Keeping a professional journal
I'm a big fan of Evernote, as anyone who's ever asked me for app recommendations can attest. In my quest to never ever use Microsoft Word, Evernote has not only enabled this, but has changed the way I do my work.
It's marketed as a kind of scrapbook that will stay alive forever. They advocate many uses for it, like a food journal, movie log, vacation planner, research helper, and more. Back in good old 2011-12, I used it to organize and compose grad school assignments; now that I'm employed (hooray) it's become indispensable for organizing projects — see the image at left for my most frequently used notebooks to get a sense of the organization possible. As a librarian, I compulsively categorize everything in my life.
See that "Done today" notebook? That's been the best way to keep myself motivated, on track, and productive. It's my professional journal, where every morning I list out that day's mini-goals, long-terms goals I'm working on, and tasks I completed. It's easy to lose track of what, exactly, you do all day, when you don't have a visualization or documentation.
So for example, here's how one February day's entry read:
- Enter info for IA books into Wonderfetch
- Write draft of essay and send to T and B
- Form: change teaching overview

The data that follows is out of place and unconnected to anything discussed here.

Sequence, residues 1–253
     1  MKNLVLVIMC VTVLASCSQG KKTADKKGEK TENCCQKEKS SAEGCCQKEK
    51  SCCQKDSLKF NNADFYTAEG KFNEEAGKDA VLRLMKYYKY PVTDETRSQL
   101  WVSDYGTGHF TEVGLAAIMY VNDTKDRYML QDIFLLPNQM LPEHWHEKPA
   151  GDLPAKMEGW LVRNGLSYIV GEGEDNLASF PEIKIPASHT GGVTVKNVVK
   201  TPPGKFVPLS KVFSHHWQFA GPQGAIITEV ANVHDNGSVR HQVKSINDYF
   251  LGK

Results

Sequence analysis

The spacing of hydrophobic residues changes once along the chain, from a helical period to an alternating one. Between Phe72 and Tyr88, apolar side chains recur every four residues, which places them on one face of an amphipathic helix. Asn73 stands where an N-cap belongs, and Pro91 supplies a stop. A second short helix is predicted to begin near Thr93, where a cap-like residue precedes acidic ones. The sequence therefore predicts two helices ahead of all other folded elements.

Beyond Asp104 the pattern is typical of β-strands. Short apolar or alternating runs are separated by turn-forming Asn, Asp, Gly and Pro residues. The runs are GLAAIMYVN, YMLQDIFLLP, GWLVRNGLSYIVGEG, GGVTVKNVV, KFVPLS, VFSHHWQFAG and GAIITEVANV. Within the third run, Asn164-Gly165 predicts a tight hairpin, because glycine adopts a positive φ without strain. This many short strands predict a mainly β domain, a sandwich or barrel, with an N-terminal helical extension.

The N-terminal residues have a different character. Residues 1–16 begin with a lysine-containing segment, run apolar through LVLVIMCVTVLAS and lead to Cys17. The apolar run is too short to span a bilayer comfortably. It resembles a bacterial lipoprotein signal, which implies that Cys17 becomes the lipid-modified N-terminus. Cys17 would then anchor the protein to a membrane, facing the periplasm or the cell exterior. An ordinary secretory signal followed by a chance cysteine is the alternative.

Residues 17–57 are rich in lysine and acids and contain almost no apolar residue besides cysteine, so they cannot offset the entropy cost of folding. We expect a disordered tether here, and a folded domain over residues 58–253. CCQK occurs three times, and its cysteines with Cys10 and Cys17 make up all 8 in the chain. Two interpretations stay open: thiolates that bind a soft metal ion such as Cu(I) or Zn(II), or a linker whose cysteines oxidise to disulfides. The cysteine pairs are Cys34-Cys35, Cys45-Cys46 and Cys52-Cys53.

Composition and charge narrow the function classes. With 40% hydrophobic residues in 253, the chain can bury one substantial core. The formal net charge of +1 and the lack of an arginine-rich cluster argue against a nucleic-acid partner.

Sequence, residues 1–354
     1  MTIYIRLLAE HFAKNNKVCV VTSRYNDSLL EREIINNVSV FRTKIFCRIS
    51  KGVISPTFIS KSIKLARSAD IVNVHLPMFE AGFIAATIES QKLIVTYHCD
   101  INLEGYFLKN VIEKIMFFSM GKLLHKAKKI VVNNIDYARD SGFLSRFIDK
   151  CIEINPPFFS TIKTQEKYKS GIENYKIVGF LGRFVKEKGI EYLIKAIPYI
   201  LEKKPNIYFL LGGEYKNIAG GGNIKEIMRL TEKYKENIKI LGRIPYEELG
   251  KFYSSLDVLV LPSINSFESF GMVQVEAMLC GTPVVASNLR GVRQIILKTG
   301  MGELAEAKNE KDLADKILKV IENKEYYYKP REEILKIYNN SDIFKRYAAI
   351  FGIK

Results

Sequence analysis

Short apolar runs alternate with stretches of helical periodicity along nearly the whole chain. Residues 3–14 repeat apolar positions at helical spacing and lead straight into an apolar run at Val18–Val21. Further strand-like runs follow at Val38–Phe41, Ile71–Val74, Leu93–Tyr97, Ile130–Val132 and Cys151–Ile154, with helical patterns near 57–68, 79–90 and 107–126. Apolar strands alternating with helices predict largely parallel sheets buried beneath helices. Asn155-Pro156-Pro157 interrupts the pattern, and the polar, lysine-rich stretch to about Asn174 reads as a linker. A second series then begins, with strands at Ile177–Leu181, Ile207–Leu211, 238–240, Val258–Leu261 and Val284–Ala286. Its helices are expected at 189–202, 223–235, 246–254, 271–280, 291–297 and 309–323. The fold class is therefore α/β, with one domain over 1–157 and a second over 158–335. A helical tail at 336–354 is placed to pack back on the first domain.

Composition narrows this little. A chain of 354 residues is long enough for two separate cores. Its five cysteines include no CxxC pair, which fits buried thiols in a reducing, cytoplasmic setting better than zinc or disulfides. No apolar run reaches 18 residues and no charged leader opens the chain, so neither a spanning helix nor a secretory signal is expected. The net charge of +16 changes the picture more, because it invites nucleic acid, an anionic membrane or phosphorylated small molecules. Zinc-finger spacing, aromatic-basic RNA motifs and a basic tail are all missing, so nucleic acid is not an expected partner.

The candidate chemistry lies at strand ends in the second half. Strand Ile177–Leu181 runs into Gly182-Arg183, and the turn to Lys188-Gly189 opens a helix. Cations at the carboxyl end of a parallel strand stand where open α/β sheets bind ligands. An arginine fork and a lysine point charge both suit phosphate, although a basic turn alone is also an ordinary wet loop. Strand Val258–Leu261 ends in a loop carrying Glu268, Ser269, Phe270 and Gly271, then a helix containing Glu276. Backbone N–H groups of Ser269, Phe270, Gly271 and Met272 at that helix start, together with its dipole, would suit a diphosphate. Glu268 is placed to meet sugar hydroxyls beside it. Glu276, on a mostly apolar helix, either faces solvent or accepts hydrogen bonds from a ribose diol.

- Change OCLC header (ILL)
- workshop, blog post, database subject and alpha list
- LibGuides styling
- eRes header again
- save page and try editing
- Form modifications
- Sync databases
- Type of info taxonomy on Dev server; waiting for N to populate new empty categories
- implemented title ABC letter list in Find Articles box
- changed formalize.css for less padding in drop down lists, new blue for submit buttons
- fixed superfish menu style - arrows disappeared and gap below top menu items? wtf?
- arrows still gone; simplify by changing gif to tiny thing instead of a big gif that has to turn around or something stupid
- calling jQuery might have done this — and improved Superfish menu speed!!! :D
- touched up B's picture
- further improvements to John Jay wiki article
A lot of user interface modifications were completed that day, while a few others were still in To Do when I left. Some of the backburner tasks, to my shame, remain on the same burner.
I highly recommend keeping a professional journal — really helps to give edges to digital projects you might not otherwise be able to justify, describe, or provide history for. Other places to keep a professional journal: Google Drive, DayOne, iaWriter. (Just not Microsoft Word.)